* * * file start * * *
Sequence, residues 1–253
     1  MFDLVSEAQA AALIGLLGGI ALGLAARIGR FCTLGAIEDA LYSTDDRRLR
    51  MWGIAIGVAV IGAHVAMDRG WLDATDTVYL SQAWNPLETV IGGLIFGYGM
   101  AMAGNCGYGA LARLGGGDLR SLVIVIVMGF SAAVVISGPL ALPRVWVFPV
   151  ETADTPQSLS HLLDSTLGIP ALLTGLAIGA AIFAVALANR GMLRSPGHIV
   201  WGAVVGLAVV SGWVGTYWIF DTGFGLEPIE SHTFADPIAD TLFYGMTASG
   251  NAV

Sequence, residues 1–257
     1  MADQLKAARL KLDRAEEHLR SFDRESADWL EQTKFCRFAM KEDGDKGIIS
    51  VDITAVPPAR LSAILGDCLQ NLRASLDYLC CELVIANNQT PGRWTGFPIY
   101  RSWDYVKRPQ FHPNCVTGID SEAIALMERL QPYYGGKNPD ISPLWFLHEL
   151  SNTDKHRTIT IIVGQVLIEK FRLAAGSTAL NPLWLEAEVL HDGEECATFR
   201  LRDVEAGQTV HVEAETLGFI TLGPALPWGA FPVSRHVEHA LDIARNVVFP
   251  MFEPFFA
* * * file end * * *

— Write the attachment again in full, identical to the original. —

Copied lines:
Sequence, residues 1–253
     1  MFDLVSEAQA AALIGLLGGI ALGLAARIGR FCTLGAIEDA LYSTDDRRLR
    51  MWGIAIGVAV IGAHVAMDRG WLDATDTVYL SQAWNPLETV IGGLIFGYGM
   101  AMAGNCGYGA LARLGGGDLR SLVIVIVMGF SAAVVISGPL ALPRVWVFPV
   151  ETADTPQSLS HLLDSTLGIP ALLTGLAIGA AIFAVALANR GMLRSPGHIV
   201  WGAVVGLAVV SGWVGTYWIF DTGFGLEPIE SHTFADPIAD TLFYGMTASG
   251  NAV

Sequence, residues 1–257
     1  MADQLKAARL KLDRAEEHLR SFDRESADWL EQTKFCRFAM KEDGDKGIIS
    51  VDITAVPPAR LSAILGDCLQ NLRASLDYLC CELVIANNQT PGRWTGFPIY
   101  RSWDYVKRPQ FHPNCVTGID SEAIALMERL QPYYGGKNPD ISPLWFLHEL
   151  SNTDKHRTIT IIVGQVLIEK FRLAAGSTAL NPLWLEAEVL HDGEECATFR
   201  LRDVEAGQTV HVEAETLGFI TLGPALPWGA FPVSRHVEHA LDIARNVVFP
   251  MFEPFFA